The more pictures stacked on top of each other, the more “movement” you’ll see in a frame
Not only will you want to take a lot of pictures from different locations, you should also try taking photos using different incremental settings. With AvgCamPro you can start by setting the exposure to 8 pictures, but then try kicking it up to 16 pictures, 32 pictures, 64 pictures, and 128 pictures. The more pictures stacked on top of each other, the more “movement” you’ll see in a frame. With SlowShutter you’ll want to try a couple of different shutter speed settings to ensure your photo isn’t washed out with light. There’s usually a sweet spot for every scene, you just have to be willing to play around and find it.
AvgCamPro comes with a built-in timer, which is great for anyone doing selfies, but using the timer is also a good way to eliminate any vibration in your tripod that will ruin your shot. I always set my timer for 4 seconds, hit the shutter button, and then make sure the tripod is perfectly still before it starts capturing frames.
Use the built-in timer to avoid any vibration and blur from seeping into the frame
Another great feature on AvgCamPro is noise reduction. After capturing a frame you can edit the noise level directly in the app before saving a photo to your camera roll. SlowShutter on the other hand has a few settings like HDR and Light Trail that can add a lot more depth to a scene. There are also other apps like Cortex Camera which is great for taking low-light pictures at night, so which app you use really depends on your subject and lighting.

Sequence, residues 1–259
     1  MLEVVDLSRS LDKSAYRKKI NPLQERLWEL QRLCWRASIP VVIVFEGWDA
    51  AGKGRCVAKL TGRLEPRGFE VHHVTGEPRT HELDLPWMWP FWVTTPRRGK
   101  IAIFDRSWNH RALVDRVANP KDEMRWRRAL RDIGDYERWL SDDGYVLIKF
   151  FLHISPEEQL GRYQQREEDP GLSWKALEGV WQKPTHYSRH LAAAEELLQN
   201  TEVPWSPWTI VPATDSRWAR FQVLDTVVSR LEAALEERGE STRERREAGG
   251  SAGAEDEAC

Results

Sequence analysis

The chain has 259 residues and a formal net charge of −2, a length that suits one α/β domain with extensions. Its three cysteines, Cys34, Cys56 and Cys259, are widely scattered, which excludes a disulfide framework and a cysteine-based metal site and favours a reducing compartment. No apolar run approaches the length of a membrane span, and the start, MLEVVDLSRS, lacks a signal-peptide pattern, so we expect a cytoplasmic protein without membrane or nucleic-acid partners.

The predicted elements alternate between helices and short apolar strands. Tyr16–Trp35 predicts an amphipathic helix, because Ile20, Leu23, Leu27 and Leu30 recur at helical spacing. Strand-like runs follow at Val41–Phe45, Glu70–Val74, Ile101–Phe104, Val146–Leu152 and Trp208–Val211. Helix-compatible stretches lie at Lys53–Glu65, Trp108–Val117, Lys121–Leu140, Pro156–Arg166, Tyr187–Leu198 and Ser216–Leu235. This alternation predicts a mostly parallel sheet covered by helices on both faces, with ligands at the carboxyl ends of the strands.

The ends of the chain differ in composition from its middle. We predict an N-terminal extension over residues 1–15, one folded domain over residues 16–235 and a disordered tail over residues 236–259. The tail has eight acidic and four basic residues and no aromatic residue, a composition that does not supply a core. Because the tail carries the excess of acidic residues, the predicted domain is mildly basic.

Getting The Results You Want:
As you start taking more long exposure photos you’ll learn that each app yield different results of the same scene. SlowShutter seems to capture more light in a way that makes the water really sparkles in a picture, whereas AvgCamPro makes it streak more. Just take a look at the two unedited pictures below and you’ll notice the differences immediately.
Results with AvgCamPro:
Results with SlowShutter:
As you can see in the comparison above, you can make some huge changes to a scene just by tweaking one setting. The first AvgCamPro photo on the left makes the waterfall appear a little weak, whereas the middle picture looks cleaner. SlowShutter did the best job of capturing the mist of the waterfall, but all that mist makes the picture look noisy.
After capturing a bunch of different frames, I decided to use the AvgCamPro 128 picture to upload to Instagram. I adjusted the angle of my iPhone to capture more sky, and then edited the photo using Snapseed and AfterLight to bring out more color before posting it to Instagram.
Here’s the finished product:
Thanks to the myriad of easy-to-use photography apps on iOS, capturing long exposure pictures on the iPhone is probably easier than with a DSLR, but it takes practice to pull off well. You can get started for under 50 bucks, but the real challenge is putting in the time and effort to find the right app and its accompanying settings for each scene.